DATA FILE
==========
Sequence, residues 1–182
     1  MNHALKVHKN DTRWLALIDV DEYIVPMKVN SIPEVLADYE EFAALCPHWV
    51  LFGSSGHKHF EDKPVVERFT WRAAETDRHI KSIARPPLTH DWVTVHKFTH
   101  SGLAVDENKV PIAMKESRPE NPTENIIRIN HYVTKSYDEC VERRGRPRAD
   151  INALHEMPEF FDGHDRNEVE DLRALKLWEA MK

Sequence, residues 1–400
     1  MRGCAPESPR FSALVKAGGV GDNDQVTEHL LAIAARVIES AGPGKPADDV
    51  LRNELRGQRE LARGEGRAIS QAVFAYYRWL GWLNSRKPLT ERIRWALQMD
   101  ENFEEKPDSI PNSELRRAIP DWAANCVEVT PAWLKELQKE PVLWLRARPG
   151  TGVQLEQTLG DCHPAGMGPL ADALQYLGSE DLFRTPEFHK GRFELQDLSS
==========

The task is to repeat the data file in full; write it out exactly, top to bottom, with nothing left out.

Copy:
Sequence, residues 1–182
     1  MNHALKVHKN DTRWLALIDV DEYIVPMKVN SIPEVLADYE EFAALCPHWV
    51  LFGSSGHKHF EDKPVVERFT WRAAETDRHI KSIARPPLTH DWVTVHKFTH
   101  SGLAVDENKV PIAMKESRPE NPTENIIRIN HYVTKSYDEC VERRGRPRAD
   151  INALHEMPEF FDGHDRNEVE DLRALKLWEA MK

Sequence, residues 1–400
     1  MRGCAPESPR FSALVKAGGV GDNDQVTEHL LAIAARVIES AGPGKPADDV
    51  LRNELRGQRE LARGEGRAIS QAVFAYYRWL GWLNSRKPLT ERIRWALQMD
   101  ENFEEKPDSI PNSELRRAIP DWAANCVEVT PAWLKELQKE PVLWLRARPG
   151  TGVQLEQTLG DCHPAGMGPL ADALQYLGSE DLFRTPEFHK GRFELQDLSS